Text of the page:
[chrony-users] Time synchronisation over a high-latency packet radio network

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Hi all,

I've got a problem where I need to provide a time synchronisation
service for small embedded computers whose only link to the outside
world is a slow and high-latency packet radio network.

In the locations where these are utilised:
- there is no cellular mobile coverage
- the devices are deployed deep within state forest with poor line-of-sight
- obviously distances are too great for Ethernet links

The embedded computers, PocketBeagles, do not feature a powered
real-time clock, and so when they boot up, they think the year is 2016.
 The devices are equipped with a MAX3232 dual RS-232 transceiver, with
one port being connected to a AX.25 terminal node controller and the
other to a RFID reader.

The terminal node controller then links to the data port of an amateur
radio transceiver, transmitting between 30-50W of RF on the 144-148MHz
or 430-450MHz radio bands.  The data link has a raw speed of 1200 bits
per second.

I am using `chrony` as it is one of the few NTP client packages that
will allow you to use an alternate port number for the destination server.

I have written a Python script in `asyncio` that binds to port 3123 (so
it can run as an unprivileged user), and on receipt of a NTP message,
takes the 48-byte NTP message, base64-encodes it and transmits that as
an APRS message over the AX.25 packet radio network.  Software at base
intercepts that, opens a new port, decodes the base64 and relays it to
the NTP server… and on receipt of a reply to that port, will base64
encode the response and send that back as an APRS message.

Via this arrangement, I am reliably able to "tunnel" the UDP requests
through the AX.25 network, and so aside from the fact that latency is
measured in seconds and the possibility of packet loss from doubling
(two stations talking at the same time) or other interference, it seems
to work quite well, *if* the time is set vaguely correct on the client
in the first place.

If the time was not pre-set, then `chronyd` would sit there for hours
polling the NTP server… with the poll period starting out at 8 seconds
and eventually expanding to 1024 seconds with seemingly no resolution.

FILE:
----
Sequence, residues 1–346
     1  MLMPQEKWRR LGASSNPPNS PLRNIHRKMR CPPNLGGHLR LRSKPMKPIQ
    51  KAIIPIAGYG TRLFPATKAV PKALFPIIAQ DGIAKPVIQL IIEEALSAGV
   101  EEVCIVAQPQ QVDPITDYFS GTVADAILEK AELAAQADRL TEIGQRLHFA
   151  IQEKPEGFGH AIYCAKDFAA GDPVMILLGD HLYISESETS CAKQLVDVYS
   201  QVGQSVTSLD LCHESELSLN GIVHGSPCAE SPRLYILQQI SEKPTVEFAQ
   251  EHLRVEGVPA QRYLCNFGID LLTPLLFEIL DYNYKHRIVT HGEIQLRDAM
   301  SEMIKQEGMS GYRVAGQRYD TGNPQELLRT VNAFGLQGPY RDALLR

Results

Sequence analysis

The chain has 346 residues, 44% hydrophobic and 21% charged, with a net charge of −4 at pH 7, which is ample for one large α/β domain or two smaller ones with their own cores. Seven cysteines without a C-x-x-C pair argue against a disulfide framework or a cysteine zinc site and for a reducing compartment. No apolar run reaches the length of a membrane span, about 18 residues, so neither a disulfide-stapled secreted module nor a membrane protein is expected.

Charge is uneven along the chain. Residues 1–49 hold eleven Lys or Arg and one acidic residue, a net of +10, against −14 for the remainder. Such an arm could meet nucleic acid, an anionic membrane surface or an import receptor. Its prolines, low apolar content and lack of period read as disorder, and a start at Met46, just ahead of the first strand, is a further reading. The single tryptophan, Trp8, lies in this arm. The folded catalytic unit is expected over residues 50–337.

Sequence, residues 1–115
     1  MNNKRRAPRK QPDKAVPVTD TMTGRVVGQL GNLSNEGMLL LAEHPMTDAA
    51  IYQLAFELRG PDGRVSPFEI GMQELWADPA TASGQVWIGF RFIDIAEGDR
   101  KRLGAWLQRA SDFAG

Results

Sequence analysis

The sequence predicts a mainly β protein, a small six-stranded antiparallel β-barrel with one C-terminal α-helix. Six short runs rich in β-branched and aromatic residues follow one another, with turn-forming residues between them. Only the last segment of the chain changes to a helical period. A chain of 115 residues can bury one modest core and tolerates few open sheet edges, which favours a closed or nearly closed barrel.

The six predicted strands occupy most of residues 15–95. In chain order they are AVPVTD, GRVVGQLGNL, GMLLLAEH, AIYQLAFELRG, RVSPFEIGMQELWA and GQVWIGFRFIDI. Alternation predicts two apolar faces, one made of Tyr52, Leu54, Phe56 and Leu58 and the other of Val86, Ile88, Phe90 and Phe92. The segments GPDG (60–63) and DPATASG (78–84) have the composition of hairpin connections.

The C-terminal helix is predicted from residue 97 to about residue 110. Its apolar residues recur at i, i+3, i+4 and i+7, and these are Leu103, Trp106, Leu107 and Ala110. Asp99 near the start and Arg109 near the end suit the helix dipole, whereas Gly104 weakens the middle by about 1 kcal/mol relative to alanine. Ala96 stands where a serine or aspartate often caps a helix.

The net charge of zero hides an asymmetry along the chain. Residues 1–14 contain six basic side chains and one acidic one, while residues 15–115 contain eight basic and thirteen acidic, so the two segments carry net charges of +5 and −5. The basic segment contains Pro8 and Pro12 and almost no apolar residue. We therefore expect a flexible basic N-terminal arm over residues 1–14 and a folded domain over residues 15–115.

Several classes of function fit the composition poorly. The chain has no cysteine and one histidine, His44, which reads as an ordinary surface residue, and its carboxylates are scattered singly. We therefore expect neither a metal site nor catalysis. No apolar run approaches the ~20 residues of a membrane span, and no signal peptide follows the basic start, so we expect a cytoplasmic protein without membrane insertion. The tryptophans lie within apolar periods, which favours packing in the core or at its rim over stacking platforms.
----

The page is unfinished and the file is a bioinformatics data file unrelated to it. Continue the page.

I worked around the problem by hacking up
https://github.com/lettier/ntpclient/ to call `date` with the received
time and running that from `cron`… *then* `chronyd` would wake up and
fine-tune the time, dialling it right in to correct time.

`chronyd` worked beautiful then.  If the clock is years off though,
`chronyd` seems reluctant to do anything about it, assuming that the one
NTP server it can reach is at fault.

Below is my chronyd.conf:
----- BEGIN chronyd.conf -----
# Welcome to the chrony configuration file. See chrony.conf(5) for more
# information about usuable directives.
pool 2.debian.pool.ntp.org iburst

# NTP proxy over APRS
server port 3123 trust maxdelay 10 minpoll 3

# This directive specify the location of the file containing ID/key
pairs for
# NTP authentication.
keyfile /etc/chrony/chrony.keys

# This directive specify the file into which chronyd will store the rate
# information.
driftfile /var/lib/chrony/chrony.drift

# Uncomment the following line to turn logging on.
log tracking measurements statistics

# Log files location.
logdir /var/log/chrony

# Stop bad estimates upsetting machine clock.
#maxupdateskew 100.0

# This directive tells 'chronyd' to parse the 'adjtime' file to find out
if the
# real-time clock keeps local time or UTC. It overrides the 'rtconutc'
hwclockfile /etc/adjtime

# This directive enables kernel synchronisation (every 11 minutes) of the
# real-time clock. Note that it can’t be used along with the 'rtcfile'

# Step the system clock instead of slewing it if the adjustment is
larger than
# one second, but only in the first three clock updates.
makestep 1 -1
---- END chronyd.conf -----

and it appears `systemd` starts `chronyd` without arguments.

Are there any ideas people have to help make `chronyd` more trusting
about the time it receives and to set the clock sooner?

Stuart Longland (aka Redhatter, VK4MSL)

I haven't lost my mind...
  ...it's backed up on a tape somewhere.

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